Wouldn’t it be great if every runner could win the lottery and we could all spend our time working on lowering our PR’s! Unfortunately, life doesn’t work like that and we need to bring home the bacon. Time constraints mean that some of our runs are squeezed in to our busy work-life schedules.
No matter, short of time doesn’t need to mean short of quality workouts. Here are 5 suggestions that you will really benefit from and that won’t eat in to your day.
One of the best workouts that you can do anytime and anywhere (even on a treadmill). Fatlek means ‘speed-play’ in Swedish and that’s exactly what you’re going to do. Warm yourself up with a jog then ease in to a series of strides over the course of the next 20-30 mins. Slow down to an easy jog in between these strides and try to do 8-12 of them.
The strides could be any distance but we might suggest anything from 200m to a three-minute effort. Choose your stride length depending on the course perhaps. You may want to run a length of a road, the distance of three lampposts. You get the idea, but just mix it up. The first stride might be easier to help you adjust to the pace so it could be that you cruise for a minute, ease back, pick it up again for 2 minutes, ease back, 90 second burst, ease back, 1 min burst, ease back etc. Before you know it, your half hour workout will be over and you will be reaping the benefits.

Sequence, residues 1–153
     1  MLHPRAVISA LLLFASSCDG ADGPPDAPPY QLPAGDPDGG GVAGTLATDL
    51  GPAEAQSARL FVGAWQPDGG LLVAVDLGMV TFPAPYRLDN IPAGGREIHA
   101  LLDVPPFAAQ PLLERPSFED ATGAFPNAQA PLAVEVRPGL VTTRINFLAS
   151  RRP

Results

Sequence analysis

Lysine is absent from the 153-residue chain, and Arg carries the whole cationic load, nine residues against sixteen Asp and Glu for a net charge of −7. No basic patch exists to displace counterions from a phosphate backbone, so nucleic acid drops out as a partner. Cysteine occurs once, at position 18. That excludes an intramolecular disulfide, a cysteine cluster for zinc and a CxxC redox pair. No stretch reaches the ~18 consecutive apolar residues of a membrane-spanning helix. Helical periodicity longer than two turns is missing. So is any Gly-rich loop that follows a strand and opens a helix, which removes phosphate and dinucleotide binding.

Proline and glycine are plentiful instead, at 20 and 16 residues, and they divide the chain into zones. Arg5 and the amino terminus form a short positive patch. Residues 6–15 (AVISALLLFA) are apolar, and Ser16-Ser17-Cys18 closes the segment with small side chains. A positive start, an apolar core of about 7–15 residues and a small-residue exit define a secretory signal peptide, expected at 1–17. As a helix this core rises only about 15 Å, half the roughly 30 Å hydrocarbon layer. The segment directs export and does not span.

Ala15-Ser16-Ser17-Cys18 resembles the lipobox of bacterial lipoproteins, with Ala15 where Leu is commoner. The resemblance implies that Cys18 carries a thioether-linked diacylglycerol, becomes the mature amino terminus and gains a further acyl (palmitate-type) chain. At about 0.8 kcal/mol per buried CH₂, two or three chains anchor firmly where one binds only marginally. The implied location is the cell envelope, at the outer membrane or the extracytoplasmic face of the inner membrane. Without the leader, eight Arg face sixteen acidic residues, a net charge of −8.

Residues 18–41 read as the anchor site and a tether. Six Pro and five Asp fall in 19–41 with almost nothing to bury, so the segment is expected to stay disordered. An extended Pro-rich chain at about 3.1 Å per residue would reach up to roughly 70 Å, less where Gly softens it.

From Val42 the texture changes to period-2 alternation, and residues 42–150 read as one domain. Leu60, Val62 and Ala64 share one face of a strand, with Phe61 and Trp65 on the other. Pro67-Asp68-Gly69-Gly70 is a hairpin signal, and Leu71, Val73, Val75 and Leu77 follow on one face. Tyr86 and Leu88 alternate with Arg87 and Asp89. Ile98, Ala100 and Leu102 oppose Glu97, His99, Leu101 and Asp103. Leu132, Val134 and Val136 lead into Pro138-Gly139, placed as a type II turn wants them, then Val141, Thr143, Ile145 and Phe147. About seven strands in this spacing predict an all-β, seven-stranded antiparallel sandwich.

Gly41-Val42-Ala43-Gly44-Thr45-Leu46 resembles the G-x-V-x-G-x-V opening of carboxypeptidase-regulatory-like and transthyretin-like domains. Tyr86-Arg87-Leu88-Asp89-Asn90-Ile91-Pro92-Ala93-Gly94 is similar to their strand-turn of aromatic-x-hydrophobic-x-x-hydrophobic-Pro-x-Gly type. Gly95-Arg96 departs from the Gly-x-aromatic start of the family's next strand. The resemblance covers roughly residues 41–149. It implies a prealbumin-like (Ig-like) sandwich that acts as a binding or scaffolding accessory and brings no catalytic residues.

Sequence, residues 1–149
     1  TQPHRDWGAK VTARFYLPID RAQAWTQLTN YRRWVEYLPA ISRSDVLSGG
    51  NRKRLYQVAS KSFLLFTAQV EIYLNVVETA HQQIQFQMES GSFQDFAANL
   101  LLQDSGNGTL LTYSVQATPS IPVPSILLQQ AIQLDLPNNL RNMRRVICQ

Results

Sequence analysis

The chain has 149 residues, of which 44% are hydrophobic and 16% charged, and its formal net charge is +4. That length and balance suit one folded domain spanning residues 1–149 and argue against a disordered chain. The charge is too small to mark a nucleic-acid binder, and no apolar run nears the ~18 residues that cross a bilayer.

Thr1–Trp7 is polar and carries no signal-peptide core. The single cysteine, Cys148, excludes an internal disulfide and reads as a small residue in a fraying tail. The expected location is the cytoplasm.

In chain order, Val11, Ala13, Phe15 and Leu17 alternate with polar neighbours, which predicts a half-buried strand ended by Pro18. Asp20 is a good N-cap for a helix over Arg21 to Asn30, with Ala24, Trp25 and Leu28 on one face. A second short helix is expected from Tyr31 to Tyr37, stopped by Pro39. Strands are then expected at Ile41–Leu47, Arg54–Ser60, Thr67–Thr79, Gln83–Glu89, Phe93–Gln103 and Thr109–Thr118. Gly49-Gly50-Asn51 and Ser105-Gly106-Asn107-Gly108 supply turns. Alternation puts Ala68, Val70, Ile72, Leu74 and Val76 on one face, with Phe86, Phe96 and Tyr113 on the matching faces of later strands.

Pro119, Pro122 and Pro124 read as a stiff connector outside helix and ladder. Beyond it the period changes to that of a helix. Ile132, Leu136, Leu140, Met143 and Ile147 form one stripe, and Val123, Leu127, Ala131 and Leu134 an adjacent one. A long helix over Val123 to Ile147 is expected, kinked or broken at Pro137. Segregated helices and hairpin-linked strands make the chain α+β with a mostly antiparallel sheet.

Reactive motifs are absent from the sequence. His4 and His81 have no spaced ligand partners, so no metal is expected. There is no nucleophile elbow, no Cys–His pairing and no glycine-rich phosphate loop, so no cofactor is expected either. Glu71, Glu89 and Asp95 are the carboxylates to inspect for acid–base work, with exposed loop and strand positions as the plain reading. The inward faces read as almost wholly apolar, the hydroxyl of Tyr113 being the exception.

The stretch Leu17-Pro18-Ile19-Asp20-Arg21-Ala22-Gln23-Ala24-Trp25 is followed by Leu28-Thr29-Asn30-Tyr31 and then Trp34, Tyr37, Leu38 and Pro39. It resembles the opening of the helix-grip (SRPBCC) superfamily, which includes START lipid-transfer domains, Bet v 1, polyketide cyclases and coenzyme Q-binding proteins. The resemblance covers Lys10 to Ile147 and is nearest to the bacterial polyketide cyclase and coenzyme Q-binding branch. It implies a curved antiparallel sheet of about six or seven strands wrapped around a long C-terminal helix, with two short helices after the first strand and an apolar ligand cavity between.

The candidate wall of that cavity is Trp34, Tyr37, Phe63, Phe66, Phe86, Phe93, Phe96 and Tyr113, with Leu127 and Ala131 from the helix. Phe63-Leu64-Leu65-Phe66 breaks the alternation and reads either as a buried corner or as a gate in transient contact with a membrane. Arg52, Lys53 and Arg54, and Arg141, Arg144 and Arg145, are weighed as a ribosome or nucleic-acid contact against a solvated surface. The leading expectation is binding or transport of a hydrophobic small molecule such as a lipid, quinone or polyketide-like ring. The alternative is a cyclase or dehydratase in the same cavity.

Fartlek is great for burning fat and youu will find that your overall pace on your easy runs will be quicker. If I could recommend one session to anyone, it would be fartlek training.